KPMG made the front page of the Financial Times last Monday when it emerged that the firm plans to ‘cull’ one in 10 partners to save money. 

Paul rogerson

Paul Rogerson

Less conspicuous in the media was another news gobbet about the Big Four outfit that may be of greater interest to commercial lawyers. KPMG announced on the same day that it has signed Christina Blacklaws, immediate past-president of the Law Society, as an ambassador to bolster its legal services offering.

The former head of the solicitors profession crossing a longstanding divide to break bread with a beancounter behemoth seeking a slice (or two) of the same loaf. A telling indication – if it were needed – of greater cross-fertilisation, as barriers between the professions crack and crumble.

This appears a shrewd move for KPMG. At the core of the Big Four’s strategy is using technology to make legal advice more efficient and streamline in-house teams. Blacklaws made legaltech a cornerstone of her presidency – to considerable acclaim – and now chairs the MoJ-sponsored LawTech Delivery Panel. She also has an impressive track record of promoting women in law, which KPMG will also exploit.

The accounting giants are ramping up in this market more discreetly than they did 25 years ago through the creation of ‘multidisciplinary partnerships’ which ultimately proved abortive. But they are slowly becoming real players, at least in the mid-tier.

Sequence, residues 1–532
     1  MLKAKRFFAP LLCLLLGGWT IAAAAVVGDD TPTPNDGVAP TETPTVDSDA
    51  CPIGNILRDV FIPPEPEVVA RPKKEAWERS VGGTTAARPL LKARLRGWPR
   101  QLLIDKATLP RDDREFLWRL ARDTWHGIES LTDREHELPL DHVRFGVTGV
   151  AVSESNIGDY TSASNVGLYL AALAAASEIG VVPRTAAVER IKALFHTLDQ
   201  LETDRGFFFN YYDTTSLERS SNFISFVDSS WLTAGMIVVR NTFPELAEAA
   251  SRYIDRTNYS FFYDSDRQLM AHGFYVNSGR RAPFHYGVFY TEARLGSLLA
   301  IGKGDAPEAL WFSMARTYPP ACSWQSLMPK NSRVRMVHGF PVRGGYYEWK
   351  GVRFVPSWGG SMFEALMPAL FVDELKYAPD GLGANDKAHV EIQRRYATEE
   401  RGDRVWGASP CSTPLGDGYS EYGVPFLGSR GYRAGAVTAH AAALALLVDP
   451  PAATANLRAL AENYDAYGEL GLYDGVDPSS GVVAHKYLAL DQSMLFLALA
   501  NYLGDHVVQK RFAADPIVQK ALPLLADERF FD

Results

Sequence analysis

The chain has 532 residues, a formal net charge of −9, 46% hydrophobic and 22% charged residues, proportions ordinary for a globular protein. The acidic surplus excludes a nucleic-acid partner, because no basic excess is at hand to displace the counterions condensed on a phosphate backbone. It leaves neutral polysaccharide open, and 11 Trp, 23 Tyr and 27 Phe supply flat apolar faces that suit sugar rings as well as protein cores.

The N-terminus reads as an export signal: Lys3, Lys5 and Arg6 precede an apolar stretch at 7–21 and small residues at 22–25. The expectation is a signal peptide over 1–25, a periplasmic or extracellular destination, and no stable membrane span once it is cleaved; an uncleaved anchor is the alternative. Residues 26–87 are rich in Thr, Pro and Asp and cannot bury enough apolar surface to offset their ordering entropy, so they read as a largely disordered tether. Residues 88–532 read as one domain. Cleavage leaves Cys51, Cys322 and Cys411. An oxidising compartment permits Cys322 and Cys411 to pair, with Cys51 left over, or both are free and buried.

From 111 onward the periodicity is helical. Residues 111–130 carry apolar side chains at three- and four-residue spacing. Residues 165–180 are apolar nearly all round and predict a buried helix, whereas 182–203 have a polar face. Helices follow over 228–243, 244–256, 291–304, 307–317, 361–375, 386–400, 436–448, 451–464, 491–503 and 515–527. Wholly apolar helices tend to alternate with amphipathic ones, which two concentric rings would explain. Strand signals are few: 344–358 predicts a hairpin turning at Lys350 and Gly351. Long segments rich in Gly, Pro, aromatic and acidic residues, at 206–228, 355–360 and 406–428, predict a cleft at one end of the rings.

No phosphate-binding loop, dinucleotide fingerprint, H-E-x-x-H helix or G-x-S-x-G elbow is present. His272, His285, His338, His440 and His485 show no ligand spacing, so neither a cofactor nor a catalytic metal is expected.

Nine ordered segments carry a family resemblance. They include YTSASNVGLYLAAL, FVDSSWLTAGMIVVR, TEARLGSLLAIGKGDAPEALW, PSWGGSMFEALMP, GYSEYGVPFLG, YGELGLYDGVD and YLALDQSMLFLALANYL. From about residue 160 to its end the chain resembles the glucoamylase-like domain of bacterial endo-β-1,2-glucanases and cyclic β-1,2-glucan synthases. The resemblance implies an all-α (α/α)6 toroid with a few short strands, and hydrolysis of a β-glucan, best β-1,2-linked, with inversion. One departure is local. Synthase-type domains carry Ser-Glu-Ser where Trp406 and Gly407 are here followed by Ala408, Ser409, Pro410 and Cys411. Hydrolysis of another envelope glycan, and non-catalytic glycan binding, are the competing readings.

One commercial law firm chief told me last week that he now comes up against a certain Big Four firm in tendering exercises for legal work. He was, therefore, perplexed to find the very same Big Four outfit pitching for his own law firm’s statutory audit.

‘They’ve got no chance,’ I was tartly informed.

These awkward clashes and conflicts will proliferate, but they are a side issue. Following another string of scandals, one of outgoing business secretary Andrea Leadsom’s last acts before parliament was dissolved was to commit to implement radical reform of the audit market after the general election.

If that happens, growing their legal arms is one obvious way for the Big Four to shore up income in what is already a more difficult environment for bread-and-butter work. Hence KPMG’s ‘cull’.